The young Marx's ideas attracted the attention of older radicals and socialists. Moses *Hess, one of the editors of the Rheinische Zeitung, wrote in a letter to the German-Jewish writer Berthold *Auerbach: "Dr. Marx, as my idol is called, is still a very young man; he will give medieval religion and politics their last blow. He combines the deepest earnestness with the most cutting wit. Imagine Rousseau, Voltaire, Holbach, Lessing, Heine, and Hegel united in one person. I say united, not lumped together – and you have Dr. Marx." While evolving from his philosophy as a Young Hegelian to his own concept of man as creating himself by labor, he transmitted in his writings a passionate yearning for a new, free society in which socialist man will transcend the imposed "alienation" from state – controlled society and from his labor and its fruits. An article contributed to the Deutsch-Franzoesische Jahrbuecher by Friedrich Engels led to a lifelong friendship between Marx and Engels. Engels, a fellow Rhinelander of socialist and Hegelian leanings, was the son of a wealthy industrialist with factories in Germany and England and was able to support Marx financially for the rest of his life. Marx, who maintained personal friendly contact with Heinrich *Heine, was one of the editors of Vorwaerts, a German newspaper published in Paris, which contained sharp attacks against the Prussian government. Its ambassador in Paris protested and Marx was expelled from France.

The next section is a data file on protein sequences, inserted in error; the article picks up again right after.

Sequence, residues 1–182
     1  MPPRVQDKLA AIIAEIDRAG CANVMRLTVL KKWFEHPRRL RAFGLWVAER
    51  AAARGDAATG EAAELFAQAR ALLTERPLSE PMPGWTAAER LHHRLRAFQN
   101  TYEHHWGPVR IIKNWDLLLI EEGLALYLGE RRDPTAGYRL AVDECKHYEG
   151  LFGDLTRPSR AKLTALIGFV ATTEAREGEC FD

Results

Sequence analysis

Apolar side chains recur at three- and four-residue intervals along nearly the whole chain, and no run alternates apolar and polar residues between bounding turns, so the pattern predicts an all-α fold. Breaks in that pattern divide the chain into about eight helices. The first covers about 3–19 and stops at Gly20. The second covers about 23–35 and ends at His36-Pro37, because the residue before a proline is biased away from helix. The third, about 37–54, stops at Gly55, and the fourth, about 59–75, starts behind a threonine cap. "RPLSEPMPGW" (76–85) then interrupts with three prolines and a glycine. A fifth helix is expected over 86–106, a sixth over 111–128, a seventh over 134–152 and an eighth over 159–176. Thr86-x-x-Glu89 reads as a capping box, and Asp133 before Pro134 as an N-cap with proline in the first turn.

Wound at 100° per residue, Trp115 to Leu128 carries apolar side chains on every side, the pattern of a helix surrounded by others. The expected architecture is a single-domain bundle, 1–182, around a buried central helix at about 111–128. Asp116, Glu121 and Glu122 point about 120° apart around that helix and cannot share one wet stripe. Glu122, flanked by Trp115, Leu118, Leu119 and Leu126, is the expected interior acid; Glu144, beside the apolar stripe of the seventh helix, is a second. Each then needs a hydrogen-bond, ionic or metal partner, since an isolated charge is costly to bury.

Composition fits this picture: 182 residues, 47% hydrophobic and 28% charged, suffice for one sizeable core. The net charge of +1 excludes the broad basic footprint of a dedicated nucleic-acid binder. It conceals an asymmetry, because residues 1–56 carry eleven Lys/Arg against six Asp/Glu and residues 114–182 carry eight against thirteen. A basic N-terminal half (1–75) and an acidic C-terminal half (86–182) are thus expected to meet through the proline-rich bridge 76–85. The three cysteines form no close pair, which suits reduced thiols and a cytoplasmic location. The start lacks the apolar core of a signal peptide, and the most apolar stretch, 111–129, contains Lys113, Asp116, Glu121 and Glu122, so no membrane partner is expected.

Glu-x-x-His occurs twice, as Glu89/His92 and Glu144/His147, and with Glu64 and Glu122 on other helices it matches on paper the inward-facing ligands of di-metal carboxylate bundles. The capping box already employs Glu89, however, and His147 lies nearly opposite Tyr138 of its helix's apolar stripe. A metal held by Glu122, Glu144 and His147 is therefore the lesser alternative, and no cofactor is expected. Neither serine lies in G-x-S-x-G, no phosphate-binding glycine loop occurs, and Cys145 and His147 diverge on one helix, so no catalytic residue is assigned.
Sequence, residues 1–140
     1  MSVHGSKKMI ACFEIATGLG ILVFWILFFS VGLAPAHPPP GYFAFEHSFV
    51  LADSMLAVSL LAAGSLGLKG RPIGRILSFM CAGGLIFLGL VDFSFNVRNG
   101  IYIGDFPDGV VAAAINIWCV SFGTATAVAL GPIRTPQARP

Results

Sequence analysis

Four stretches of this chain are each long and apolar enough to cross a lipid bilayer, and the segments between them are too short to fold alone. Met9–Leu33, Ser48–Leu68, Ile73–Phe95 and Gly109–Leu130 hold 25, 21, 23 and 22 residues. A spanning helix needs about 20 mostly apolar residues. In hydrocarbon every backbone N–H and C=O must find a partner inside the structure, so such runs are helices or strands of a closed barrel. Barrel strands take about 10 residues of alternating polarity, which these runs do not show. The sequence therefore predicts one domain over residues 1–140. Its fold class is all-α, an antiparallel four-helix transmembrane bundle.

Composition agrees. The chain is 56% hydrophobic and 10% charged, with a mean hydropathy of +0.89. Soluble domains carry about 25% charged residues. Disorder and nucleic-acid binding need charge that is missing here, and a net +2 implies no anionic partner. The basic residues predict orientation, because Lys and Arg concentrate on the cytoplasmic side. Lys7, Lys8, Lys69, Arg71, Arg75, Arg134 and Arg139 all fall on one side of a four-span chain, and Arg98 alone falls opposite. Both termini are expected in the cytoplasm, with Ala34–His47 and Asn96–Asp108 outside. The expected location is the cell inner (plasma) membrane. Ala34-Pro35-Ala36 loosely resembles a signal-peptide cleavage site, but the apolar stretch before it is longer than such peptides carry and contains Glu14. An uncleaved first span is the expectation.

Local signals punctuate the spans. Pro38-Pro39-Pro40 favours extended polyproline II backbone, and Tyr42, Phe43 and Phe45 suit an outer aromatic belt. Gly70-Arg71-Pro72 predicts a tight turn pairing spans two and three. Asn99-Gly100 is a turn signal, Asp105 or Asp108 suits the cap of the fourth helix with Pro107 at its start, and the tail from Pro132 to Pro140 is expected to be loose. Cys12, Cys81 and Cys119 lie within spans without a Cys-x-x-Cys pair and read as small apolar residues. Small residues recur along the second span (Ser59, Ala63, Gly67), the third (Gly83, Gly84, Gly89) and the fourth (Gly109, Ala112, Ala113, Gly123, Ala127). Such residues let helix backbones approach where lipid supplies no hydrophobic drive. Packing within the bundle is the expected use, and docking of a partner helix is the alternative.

He went to Brussels where he wrote "Misère de la philosophie, Response a la philosophie de la misère de M. Proudhon" (1847), an attack on the Utopian social order advocated by Proudhon. Marx argued that the capitalistic society leads to the strengthening of the proletariat, a class which of necessity must become revolutionary and must overthrow the contemporary social organization based on exploitation. Socialist theorists should not waste their time in describing how society should be ideally built, but rather analyze what is going on in the present world.